Friday, March 27, 2009

Hard Times Come Again No More

American songwriter Stephen Collins Foster penned these words in 1854:

Let us pause in life's pleasures and count its many tears,
While we all sup sorrow with the poor;
There's a song that will linger forever in our ears;
Oh Hard times come again no more.
'Tis the song, the sigh of the weary,
Hard Times, hard times, come again no more
Many days you have lingered around my cabin door;
Oh hard times come again no more.
While we seek mirth and beauty and music light and gay,
There are frail forms fainting at the door;
Though their voices are silent, their pleading looks will say
Oh hard times come again no more.
There's a pale drooping maiden who toils her life away,
With a worn heart whose better days are o'er:
Though her voice would be merry, 'tis sighing all the day,
Oh hard times come again no more.
'Tis a sigh that is wafted across the troubled wave,
'Tis a wail that is heard upon the shore
'Tis a dirge that is murmured around the lowly grave
Oh hard times come again no more.

Is a modern day Depression America's fate? That is what is on the minds of Americans as they watch closely an ever-rising unemployment rate, wince at a roller coaster stock market, hope against an unprecedented number of housing foreclosures, and frown at fat-cat financial scandals. While it is difficult not to worry when one or more of these situations hit you personally, I believe that we need to keep in mind that, as Americans we have been though this before...a number of times.

In the 19th century there were panics/recessions in 1837, 1857, and 1873 that lasted longer than just the year in which they occurred and are named for. The one in 1873 is a large reason why Northerners grew more tired of Reconstruction efforts in the South after the Civil War and didn't fight as hard to maintain an occupied South after the Compromise of 1877. But the Great Depression of the 1930s (although there is little "great" about it) is the one we can better relate to. I think a main reason for that is because we have better visual evidence of it than previous economic woes. The power of seeing the dust bowl families move from Oklahoma and Arkansas to California is still moving today...almost 80 years later. Seeing film of soup kitchen lines and men selling apples just to try to feed their families are very powerful images.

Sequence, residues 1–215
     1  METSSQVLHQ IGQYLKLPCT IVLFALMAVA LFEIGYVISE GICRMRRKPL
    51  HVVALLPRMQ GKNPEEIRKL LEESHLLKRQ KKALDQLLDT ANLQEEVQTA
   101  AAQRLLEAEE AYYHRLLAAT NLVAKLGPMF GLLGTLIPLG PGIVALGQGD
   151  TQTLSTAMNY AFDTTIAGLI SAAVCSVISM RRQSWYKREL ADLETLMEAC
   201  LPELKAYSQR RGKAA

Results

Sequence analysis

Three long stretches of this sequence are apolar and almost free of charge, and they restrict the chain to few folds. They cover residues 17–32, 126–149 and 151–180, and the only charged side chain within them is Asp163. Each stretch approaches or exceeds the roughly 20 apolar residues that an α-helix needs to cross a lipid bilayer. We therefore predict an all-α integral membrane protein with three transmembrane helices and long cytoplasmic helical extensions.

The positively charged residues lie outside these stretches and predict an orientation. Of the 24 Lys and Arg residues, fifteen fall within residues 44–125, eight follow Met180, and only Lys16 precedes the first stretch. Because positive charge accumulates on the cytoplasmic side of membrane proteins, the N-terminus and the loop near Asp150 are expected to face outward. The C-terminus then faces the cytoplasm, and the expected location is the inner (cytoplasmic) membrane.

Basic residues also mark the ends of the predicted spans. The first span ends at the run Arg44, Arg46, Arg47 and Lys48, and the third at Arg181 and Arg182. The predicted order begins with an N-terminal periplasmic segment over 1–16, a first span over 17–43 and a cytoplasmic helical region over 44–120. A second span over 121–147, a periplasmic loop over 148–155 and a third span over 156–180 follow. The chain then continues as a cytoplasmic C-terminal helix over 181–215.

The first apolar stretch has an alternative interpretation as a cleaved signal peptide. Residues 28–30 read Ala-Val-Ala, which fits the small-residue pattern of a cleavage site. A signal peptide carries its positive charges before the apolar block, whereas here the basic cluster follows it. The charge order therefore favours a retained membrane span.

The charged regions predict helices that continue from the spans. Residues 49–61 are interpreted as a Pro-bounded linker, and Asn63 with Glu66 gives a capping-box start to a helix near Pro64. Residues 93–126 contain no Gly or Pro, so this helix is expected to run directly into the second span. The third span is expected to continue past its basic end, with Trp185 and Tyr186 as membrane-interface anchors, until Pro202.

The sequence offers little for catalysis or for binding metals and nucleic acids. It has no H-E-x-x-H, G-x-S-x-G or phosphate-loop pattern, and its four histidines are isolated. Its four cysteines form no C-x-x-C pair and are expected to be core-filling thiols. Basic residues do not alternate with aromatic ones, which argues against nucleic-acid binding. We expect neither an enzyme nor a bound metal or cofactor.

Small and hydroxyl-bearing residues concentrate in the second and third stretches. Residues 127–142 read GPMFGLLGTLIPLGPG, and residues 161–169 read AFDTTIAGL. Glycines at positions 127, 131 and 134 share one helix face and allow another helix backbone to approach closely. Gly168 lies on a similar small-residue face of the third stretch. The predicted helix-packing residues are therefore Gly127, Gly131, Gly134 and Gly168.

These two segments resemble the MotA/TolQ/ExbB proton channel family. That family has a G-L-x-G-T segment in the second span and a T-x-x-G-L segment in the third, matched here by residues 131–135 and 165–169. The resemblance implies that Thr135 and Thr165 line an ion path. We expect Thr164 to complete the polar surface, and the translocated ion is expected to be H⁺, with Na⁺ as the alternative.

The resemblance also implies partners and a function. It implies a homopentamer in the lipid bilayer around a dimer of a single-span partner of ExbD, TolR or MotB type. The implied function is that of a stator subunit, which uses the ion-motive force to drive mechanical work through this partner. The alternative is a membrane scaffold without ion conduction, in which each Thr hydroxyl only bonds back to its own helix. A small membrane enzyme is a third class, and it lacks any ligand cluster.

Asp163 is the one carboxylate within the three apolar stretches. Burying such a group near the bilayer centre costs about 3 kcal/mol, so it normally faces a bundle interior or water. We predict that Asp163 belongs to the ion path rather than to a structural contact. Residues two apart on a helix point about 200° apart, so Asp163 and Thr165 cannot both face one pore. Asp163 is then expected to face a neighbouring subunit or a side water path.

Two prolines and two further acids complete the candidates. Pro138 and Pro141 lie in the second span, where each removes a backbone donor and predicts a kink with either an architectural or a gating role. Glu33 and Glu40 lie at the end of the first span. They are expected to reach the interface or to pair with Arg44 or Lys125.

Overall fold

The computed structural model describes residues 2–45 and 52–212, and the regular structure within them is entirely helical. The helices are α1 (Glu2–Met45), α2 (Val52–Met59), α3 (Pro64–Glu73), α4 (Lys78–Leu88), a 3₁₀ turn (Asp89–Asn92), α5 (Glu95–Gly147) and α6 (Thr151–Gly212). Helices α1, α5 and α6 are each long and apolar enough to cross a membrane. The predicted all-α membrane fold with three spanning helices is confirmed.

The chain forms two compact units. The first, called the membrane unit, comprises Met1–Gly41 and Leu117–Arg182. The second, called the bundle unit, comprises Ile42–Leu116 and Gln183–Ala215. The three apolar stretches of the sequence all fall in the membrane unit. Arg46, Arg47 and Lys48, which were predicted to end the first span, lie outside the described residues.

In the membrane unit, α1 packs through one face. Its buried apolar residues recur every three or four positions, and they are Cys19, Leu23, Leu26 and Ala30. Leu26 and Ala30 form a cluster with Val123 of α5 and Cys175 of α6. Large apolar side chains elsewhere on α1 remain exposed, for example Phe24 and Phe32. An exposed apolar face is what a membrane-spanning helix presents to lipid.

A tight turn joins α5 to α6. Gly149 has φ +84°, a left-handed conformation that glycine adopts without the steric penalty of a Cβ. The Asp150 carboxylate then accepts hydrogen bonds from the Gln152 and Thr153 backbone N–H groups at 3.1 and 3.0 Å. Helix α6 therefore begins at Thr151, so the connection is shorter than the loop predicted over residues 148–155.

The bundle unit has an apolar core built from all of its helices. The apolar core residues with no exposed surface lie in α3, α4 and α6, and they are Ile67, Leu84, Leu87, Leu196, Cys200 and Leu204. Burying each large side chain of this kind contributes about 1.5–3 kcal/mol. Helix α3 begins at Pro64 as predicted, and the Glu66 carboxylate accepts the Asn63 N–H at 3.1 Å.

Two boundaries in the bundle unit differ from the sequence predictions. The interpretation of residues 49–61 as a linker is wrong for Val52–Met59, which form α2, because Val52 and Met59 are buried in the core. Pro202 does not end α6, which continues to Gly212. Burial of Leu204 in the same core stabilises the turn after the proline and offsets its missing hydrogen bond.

We are fortunate to have survivors of this era still among us. Their tales of hardship and sacrifice can serve to boost our optimism and to see that it is possible to make it through this mess. Yesterday, I was able to visit with my grandmother who is 95. I asked about these times of her young womanhood and received some amazing stories of hard work, perseverance, and friend and family cooperation. If you know someone who lived during the Depression, ask them about it. You won't be sorry for it.

RUN-DMC, a couple of later-day Stephen Fosters in another era (and in a whole different format-rap), also wrote of what they experienced as tough times in the early 1980s. Here's a little taste of their take on things:

Hard times can take you on a natural trip,
So keep your balance, and don't you slip.
Hard times is nothing new on me,
I'm gonna use my strong mentality.
Like the cream of the crop, like the crop of the cream,
B-b-beating hard times, that is my theme.
Hard times in life, hard times in death,
I'm gonna keep on fighting to my very last breath.

So there you have it; from 1854 to 1984 to 2009...hard times are going to come and are going to go. Do the best you can to get through them, learn from them by talking to others, and share your memories of them with future generations...its something we are all living through together whether we like it or not.

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